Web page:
Facilities that process and package food products may be plagued by many types of pests, chief among them cockroaches. The more moisture present within a processing area, the greater the potential for cockroach infestations — in particular, German cockroaches. Older buildings tend to have more issues with American and Oriental cockroaches than newer facilities.
Controlling cockroaches in food processing is complicated by the amount and types of equipment, level of maintenance of equipment, walls, etc. (harborages); adherence to good sanitation practices (food); and how the facility is cleaned such as via water/hoses (moisture). Once German cockroaches have been introduced into an area, each of these plays a role in level of infestation that might occur.
The pest management professional (PMP) has a difficult job in trying to keep food processing areas as free of cockroaches as possible. First and foremost is access for service to find and treat any active harborages. Most facilities cannot have a PMP present during operations even to do a visual inspection due to the level of activity, type of machinery present and a variety of safety reasons. Therefore, services need to be scheduled during downtime, which limits the opportunities for more preventive inspections and treatments when needed.
Another complicating factor is the amount and type of machinery, as these will be where most German cockroaches harbor, hiding in cracks, motor housings and voids within the machinery itself. When cockroaches have been sighted in or around an area, usually a facility maintenance person is needed to gain access for the pest professional to find and treat the cockroaches.
In the absence of known activity, a PMP will use visual inspection and a non-residual pyrethrin flushing agent to look for pockets of activity. Where available, interviewing employees who work in the area as to if and where they saw pests helps to target the inspection. During downtime when pest services are done, such employees may not be present. The pest sighting log is also helpful in determining where cockroaches may be active, but it is important for the facility to be specific in its notes to assist the pest professional to the sites of activity.
The pest professional, upon arrival, will typically first consult his or her key contact person and the pest sighting log. If activity is reported, the PMP will inspect and service those sites first. In the absence of reported activity, the PMP will likely proceed to the next area in the service schedule in the written pest management plan.
Whether servicing active areas or checking to find any activity, the approach will be the same — visual inspection and flushing agent to expose hiding cockroaches. Hot air in the form of a heat gun or hair dryer can be used in place of a flushing agent to chase cockroaches from harborages, and this technique can be done when light operations are ongoing (i.e., not during a downtime period).
Monitoring traps are typically not useful in food processing areas because they will be contacted by water and dust. They also are usually removed during cleaning activities. Traps may be used in secure, dry locations such as within storage cabinets and motor housings, attached to storage racks or false ceilings, or in pipe chases or similar locations.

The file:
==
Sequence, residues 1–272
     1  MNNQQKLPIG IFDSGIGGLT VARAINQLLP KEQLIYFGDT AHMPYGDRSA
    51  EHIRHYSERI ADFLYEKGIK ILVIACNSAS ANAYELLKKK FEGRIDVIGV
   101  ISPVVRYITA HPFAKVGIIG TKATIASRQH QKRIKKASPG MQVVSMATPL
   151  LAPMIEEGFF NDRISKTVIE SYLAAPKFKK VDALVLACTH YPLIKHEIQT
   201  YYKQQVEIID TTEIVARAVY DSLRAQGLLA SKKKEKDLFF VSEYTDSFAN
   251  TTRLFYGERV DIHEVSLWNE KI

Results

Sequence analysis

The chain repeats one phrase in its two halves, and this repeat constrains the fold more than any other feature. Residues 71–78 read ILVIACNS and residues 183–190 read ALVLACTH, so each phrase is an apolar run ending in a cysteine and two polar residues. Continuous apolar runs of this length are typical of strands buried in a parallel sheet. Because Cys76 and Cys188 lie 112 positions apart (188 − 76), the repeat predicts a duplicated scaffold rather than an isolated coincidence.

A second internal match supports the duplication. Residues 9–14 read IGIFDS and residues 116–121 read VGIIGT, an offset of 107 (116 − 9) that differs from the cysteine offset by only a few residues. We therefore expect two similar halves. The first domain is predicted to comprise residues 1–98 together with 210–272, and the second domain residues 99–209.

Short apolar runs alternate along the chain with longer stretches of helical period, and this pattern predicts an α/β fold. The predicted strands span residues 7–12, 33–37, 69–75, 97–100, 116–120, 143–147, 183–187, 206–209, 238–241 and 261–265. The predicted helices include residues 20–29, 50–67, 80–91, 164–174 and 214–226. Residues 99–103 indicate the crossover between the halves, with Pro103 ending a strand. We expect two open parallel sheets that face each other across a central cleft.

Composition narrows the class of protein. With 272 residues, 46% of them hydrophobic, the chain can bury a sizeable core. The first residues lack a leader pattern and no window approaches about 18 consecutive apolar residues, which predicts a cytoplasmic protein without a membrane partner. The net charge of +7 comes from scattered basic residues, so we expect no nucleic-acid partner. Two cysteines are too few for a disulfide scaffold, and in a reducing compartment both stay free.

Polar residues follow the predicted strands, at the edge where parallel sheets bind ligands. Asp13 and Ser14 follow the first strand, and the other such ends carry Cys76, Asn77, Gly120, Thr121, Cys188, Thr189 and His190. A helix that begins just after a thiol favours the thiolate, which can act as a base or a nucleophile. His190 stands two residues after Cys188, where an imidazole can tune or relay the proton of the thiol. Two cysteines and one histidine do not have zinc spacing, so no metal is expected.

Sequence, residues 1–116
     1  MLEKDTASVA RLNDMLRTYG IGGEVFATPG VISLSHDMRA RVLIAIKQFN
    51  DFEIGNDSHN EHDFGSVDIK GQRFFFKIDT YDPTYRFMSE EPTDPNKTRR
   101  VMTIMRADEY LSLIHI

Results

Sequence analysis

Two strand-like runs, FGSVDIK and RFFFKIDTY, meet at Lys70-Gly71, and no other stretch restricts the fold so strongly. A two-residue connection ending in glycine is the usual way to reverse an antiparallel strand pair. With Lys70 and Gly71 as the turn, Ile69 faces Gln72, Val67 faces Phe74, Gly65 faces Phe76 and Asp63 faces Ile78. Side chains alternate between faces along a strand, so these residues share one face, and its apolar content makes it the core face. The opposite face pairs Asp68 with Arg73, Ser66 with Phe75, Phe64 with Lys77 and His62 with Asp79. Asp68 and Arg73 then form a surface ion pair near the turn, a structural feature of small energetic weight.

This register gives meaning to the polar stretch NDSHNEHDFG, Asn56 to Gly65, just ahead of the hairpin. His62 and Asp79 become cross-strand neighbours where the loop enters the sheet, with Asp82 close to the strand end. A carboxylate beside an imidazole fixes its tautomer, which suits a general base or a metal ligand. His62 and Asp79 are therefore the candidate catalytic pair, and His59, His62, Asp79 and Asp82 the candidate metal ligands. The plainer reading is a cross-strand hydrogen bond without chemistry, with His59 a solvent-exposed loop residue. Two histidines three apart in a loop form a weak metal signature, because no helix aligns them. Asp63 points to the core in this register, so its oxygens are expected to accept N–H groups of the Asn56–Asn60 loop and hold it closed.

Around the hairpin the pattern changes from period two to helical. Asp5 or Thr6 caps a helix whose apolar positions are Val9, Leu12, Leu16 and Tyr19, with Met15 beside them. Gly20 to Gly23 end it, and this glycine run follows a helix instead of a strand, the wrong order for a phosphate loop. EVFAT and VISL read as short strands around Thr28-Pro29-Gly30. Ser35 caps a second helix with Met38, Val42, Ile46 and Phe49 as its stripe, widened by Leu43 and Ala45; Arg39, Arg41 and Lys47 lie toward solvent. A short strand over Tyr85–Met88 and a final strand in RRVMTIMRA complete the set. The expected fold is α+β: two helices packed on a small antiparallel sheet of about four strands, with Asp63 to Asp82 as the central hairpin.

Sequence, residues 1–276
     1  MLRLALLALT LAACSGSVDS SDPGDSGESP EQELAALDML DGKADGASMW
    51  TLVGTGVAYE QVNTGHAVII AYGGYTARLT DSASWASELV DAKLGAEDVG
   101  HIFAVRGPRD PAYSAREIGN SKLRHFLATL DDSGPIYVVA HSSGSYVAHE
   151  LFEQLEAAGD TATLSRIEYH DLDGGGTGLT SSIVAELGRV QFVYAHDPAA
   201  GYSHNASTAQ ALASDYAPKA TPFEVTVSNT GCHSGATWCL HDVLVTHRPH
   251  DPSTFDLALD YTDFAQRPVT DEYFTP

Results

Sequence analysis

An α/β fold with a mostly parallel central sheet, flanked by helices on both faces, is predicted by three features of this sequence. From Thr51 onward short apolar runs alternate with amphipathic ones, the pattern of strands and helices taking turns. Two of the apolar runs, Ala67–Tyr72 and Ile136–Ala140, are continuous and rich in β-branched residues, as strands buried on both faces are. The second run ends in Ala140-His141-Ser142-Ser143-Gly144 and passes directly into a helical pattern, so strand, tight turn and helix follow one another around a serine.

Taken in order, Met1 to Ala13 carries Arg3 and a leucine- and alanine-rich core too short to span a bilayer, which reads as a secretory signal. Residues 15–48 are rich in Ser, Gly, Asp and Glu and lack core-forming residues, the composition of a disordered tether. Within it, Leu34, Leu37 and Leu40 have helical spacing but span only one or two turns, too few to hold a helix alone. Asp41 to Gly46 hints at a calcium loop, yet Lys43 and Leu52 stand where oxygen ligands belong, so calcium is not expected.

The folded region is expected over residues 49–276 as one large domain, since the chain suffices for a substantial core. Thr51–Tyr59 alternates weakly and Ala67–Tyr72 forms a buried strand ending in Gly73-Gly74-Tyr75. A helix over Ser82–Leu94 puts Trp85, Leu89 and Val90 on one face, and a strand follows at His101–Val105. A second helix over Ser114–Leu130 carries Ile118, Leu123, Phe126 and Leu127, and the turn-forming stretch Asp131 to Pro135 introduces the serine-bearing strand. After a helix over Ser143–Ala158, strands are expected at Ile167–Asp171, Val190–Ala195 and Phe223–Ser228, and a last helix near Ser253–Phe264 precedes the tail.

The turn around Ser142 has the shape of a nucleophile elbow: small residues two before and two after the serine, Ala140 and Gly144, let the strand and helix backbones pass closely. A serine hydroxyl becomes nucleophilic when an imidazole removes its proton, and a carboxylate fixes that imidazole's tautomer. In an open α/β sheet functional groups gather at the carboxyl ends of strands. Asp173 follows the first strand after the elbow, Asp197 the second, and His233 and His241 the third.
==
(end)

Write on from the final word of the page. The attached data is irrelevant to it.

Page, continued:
Because the application of residual insecticides is very limited for food processing environments, use of a vacuum to remove cockroaches as they are flushed provides some level of immediate control. Population reduction through vacuuming then makes it easier to control remaining cockroaches via other methods. Infested floor drains, for example, are one site where treatment is not permitted, so flushing and vacuuming such drains frequently removes all cockroaches harboring within the drain.
Residual treatments will be limited to crack, crevice and void treatments, with some label-allowed spot treatments depending on the type of food area and if this is permitted in the written pest management plan. These applications should only be made to active harborages where foods are processed or packaged (i.e., equipment). Preventive residual treatments may be applied into wall voids and pipe penetrations into walls or floors and gaps or treatment holes sealed following application. Again, follow directions on the product label(s) and detailed in the written pest management plan for the facility.
Cockroach services will proceed in a similar manner as the PMP completes service in a given area. What treatments may be done will differ for a piece of processing equipment compared to warehouse storage racks, expansion joints in floors, restrooms and offices, etc. The further away from the handling of food, especially as it is processed and exposed, the more flexibility the pest professional will have in how to monitor and treat active cockroach harborages.
No specific treatment strategy or product will be right for every situation encountered, particularly between different areas within a facility or between different types of food facilities. When difficult to control situations are encountered, discussions between the facility staff, the PMP and his or her management team will be needed to decide on an appropriate plan to remediate the problem area.